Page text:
Swallow (2019 | USA | 95 minutes | Carlo Mirabella-Davis)
When Richie Conrad met his wife, Hunter, she was perfect for a young man with money: pretty, docile, and not the slightest bit unaware that he has greatly improved her financial standing from working retail to his housewife. He’s also the kind of guy who will ask his wife a question and begin looking at her phone just as she’s beginning to answer.
When we see Hunter (Haley Bennett, in an outstanding performance) at the beginning of the movie, I think of a line Oscar Wilde wrote in The Picture of Dorian Gray: “behind every exquisite thing that existed, there was something tragic.” Hunter is very clearly hiding a tragic past, but Richie (Austin Stowell) and his parents don’t really have any interest in learning about her. When Hunter’s mom (Elizabeth Marvel, whose eyes alone have given me nightmares when she plays “the Major” on “Manifest.”) asks what she did before meeting her son, she finds it pitiful and funny that Hunter answers that she worked in retail.
When Hunter learns she’s pregnant, and loneliness takes over her life, she starts to develop Pica, a disorder where you eat things that aren’t traditionally identified as food. In her case, it started with a marble and proceeded to batteries, thumbtacks, earrings, safety pins. I learned about myself that I am squeamish when watching people swallow thumbtacks and screwdrivers. Richie is, somewhat understandably (his wife is pregnant), apoplectic when Hunter has to go to the hospital to have the items removed from her stomach. He also becomes way more controlling, by first hiring a live-in nurse and then by demanding that her therapist tell him everything his wife tells her, as he is paying for the sessions. Richie works in finance (for his father’s company) and he views his wife (and forthcoming child) as business acquisitions. He and his parents don’t really show any regard for something other than outward appearances. “Don’t matter how you feel, only matters how you look,” my heroine Miranda Lambert once sang.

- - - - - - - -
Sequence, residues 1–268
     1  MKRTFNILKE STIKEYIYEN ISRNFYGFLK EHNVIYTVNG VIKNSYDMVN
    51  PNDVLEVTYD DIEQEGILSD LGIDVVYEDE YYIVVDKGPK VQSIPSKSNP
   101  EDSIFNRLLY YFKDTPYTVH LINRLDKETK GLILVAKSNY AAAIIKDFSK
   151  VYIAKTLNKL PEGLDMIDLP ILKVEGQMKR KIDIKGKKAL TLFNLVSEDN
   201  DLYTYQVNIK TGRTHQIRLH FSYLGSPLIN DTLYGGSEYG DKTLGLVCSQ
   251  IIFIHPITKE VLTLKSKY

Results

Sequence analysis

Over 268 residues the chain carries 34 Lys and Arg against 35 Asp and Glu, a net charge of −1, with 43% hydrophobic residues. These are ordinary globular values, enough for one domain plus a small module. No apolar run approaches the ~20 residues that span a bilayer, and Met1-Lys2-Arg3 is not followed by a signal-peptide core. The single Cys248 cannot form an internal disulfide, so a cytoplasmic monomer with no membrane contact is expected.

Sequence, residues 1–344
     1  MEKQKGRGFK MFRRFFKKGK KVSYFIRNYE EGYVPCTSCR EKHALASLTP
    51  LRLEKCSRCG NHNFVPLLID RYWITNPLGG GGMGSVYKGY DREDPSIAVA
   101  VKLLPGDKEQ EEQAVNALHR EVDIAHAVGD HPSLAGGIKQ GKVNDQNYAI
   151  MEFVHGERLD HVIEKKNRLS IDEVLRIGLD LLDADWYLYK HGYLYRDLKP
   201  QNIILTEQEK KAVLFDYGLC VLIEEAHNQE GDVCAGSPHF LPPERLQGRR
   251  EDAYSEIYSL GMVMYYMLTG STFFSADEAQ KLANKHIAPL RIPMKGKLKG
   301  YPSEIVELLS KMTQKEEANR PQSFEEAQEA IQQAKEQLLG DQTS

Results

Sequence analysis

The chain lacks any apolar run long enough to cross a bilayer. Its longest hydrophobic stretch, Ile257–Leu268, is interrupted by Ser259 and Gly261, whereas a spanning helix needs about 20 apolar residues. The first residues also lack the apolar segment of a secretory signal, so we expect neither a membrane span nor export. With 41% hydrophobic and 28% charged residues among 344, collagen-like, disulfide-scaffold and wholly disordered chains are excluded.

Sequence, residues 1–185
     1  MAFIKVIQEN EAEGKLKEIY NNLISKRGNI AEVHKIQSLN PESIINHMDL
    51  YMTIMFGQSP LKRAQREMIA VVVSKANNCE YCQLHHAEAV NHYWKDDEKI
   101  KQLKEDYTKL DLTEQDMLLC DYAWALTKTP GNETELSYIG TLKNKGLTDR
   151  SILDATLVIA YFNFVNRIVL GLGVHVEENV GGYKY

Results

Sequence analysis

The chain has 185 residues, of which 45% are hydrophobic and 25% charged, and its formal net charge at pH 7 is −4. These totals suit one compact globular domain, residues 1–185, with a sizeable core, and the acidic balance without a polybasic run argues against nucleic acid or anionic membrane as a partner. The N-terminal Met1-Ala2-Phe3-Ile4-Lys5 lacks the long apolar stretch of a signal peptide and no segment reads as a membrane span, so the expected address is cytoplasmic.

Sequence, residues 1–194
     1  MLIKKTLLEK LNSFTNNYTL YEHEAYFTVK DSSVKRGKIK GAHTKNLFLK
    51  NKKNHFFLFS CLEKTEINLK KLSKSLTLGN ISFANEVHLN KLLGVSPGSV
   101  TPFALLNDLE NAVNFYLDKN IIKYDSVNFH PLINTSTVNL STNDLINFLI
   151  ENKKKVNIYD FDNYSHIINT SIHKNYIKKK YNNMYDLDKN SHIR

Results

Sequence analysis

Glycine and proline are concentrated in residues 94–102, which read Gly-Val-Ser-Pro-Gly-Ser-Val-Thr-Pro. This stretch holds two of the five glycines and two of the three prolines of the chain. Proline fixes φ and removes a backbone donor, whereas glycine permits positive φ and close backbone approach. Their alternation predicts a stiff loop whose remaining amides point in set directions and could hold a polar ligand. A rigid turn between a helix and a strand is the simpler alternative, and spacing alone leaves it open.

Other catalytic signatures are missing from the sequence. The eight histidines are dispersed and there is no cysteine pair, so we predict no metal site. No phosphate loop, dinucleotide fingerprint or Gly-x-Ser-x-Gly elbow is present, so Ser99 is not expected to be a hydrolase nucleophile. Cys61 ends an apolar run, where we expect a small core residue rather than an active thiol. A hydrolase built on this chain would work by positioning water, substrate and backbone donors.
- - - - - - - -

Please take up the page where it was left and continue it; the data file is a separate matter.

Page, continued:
She tells her therapist that swallowing things makes her feel some sense of control that being a rich man’s wife doesn’t allow for. When Hunter overhears Richie on the phone having a conversation that convinces her she really is in this alone, it becomes a tipping point for her.
That is where the movie picks up its intensity. Hunter begins to take control of her life and knows she has to find the strength to leave. When that happens, I found myself completely absorbed with her story. It raised so many questions that I didn’t already know the answer to. Where would she go? What would she do? How could she survive?
There was a lot I didn’t like in Swallow: how Richie and his parents lack any real depth as characters, how Hunter seems at times to define herself by only her depression and trauma (we learn very little about who she is and what she wants), and the discomfort of seeing someone with one of the most severe forms of eating disorders. I do also like the movie as a character study more than I do as an allegory about overcoming abuse.
But Haley Bennett is also riveting in her performance as Hunter. It is a part that is physically and emotionally demanding, and she excels here. It’s not an exaggeration to say that this is a star-making performance (or at least one that could lead to more high-profile roles).
The great acting overcomes the discomfiting imagery and dearth of fully-developed characters. That’s enough for me. Just take some Tums beforehand.